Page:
In Ukraine, Investigative Stories Spur Action on Corruption

June 12, 2013

Last year, an investigative report revealed that contractors close to Ukrainian President Viktor Yanukovych were paid for renovations that were never completed on hundreds of schools, orphanages, hospitals and elder care houses. The story, reported by Kyiv Investigative Reporting Agency, prompted the Ukrainian parliament to establish a commission to investigate the charges.

Another news agency, Svidomo, produced an investigative report about a fraudulent cancer treatment called Ukrajin. The Ukrainian government had revoked the drug’s approval a year earlier, but it was still being sold. In response to Svidomo’s reports, police blocked sale of the medication and the product was subsequently pulled from store shelves.

The journalists who uncovered these examples of abuse and corruption had taken Internews training in investigative reporting. Internews supports several Ukrainian news organizations, including Kyiv Investigative Reporting Agency and Svidomo, as well as the Center of Journalistic Investigations and IPC TV, by providing such training for their staff.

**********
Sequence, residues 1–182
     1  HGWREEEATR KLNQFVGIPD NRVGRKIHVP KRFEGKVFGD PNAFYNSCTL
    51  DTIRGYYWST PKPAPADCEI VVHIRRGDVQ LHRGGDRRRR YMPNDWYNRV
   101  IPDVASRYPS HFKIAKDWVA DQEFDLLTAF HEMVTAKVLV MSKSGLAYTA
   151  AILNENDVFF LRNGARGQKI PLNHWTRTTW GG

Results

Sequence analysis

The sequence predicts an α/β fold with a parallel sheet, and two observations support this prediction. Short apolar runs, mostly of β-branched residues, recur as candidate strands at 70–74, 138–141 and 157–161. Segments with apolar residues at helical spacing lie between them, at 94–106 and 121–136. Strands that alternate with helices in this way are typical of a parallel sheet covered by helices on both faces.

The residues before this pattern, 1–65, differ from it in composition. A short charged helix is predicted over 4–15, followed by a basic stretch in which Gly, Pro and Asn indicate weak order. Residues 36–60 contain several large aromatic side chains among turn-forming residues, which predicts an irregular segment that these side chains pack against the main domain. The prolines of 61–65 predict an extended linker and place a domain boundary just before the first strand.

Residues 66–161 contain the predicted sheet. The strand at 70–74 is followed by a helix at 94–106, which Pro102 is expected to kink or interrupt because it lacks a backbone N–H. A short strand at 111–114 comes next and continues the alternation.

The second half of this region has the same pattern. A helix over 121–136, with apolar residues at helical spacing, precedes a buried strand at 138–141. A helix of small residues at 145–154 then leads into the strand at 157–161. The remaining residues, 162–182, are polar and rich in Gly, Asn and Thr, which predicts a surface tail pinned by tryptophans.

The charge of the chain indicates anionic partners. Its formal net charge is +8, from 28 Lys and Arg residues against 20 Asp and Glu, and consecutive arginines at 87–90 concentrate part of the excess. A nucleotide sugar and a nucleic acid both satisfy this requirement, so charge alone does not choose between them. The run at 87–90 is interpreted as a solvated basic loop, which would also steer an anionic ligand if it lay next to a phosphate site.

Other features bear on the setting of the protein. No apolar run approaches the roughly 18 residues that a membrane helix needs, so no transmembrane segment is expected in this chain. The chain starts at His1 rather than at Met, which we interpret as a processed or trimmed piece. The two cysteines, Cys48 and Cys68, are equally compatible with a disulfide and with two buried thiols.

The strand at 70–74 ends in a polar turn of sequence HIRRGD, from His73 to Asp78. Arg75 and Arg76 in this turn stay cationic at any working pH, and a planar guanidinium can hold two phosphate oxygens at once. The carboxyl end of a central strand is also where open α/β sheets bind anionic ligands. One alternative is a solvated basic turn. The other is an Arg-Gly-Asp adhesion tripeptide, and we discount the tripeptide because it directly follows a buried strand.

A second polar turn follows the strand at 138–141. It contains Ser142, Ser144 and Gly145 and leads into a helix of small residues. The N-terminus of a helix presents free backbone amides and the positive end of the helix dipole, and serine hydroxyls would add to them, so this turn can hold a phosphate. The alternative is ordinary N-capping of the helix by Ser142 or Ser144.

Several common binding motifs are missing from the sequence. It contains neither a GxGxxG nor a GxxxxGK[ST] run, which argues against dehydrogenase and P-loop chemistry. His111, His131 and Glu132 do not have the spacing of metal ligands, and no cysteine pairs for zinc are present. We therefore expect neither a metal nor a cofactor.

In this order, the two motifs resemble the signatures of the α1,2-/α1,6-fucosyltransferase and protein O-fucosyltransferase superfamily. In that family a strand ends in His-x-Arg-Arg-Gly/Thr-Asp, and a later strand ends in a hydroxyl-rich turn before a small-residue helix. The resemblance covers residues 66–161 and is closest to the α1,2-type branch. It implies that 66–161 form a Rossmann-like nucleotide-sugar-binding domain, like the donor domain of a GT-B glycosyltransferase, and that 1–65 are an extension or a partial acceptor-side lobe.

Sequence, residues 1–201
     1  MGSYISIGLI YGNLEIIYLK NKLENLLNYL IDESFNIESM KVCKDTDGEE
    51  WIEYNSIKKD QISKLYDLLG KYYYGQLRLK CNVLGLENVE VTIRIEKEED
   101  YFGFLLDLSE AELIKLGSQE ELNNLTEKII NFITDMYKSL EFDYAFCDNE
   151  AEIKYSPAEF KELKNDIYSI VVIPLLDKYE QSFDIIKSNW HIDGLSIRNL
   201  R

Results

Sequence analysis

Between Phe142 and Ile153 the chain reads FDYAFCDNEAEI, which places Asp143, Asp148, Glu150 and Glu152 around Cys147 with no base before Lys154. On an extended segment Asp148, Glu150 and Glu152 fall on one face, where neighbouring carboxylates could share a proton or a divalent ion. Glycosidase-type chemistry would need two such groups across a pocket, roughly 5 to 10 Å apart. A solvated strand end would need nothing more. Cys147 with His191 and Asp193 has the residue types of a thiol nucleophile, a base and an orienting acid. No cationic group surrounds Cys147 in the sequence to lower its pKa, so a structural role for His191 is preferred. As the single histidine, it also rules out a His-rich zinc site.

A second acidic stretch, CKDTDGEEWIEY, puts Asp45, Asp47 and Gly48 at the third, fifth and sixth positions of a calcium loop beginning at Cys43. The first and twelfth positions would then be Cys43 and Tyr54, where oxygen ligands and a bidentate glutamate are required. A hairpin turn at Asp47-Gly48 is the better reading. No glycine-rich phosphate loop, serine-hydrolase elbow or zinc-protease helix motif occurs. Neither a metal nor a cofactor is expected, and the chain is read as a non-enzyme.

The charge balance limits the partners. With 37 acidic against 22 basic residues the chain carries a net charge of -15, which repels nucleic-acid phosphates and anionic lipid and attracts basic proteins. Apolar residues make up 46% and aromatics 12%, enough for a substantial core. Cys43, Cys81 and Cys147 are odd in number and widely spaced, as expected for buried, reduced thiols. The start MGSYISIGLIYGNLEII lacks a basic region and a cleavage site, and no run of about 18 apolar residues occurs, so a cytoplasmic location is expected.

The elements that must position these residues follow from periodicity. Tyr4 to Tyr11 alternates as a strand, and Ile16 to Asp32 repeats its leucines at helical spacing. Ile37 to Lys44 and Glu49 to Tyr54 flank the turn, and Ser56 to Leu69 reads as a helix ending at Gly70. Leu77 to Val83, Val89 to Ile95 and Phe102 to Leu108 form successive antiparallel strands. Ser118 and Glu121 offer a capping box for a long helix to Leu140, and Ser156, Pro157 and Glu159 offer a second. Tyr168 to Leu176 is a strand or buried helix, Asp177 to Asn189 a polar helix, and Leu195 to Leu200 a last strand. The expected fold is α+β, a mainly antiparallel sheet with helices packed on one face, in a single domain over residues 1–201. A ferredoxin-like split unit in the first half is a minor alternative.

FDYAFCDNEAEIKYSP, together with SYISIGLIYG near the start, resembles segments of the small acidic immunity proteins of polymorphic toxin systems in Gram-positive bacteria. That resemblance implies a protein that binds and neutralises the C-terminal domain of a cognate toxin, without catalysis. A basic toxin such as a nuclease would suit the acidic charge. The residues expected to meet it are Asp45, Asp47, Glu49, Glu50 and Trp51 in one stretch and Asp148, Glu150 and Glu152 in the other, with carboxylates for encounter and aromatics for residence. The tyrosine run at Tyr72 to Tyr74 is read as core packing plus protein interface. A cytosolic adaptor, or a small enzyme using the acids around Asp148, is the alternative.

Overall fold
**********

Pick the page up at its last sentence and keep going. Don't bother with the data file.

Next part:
Increased access to the Internet and new media technologies have made it easier for Ukrainian journalists to undertake ambitious investigative projects. Also, a landmark 2011 Ukrainian law on access to public information has opened up a wealth of budgetary and other government data for investigative journalists to mine.

Internews’ investigative journalism program trains journalists how to take advantage of these new developments. Over the past six months, many of these reporters’ investigations have caused businesses, government authorities, and courts to address the abuses of power and other issues revealed in the stories.

Internews’ investigative journalism project in Ukraine is supported by USAID.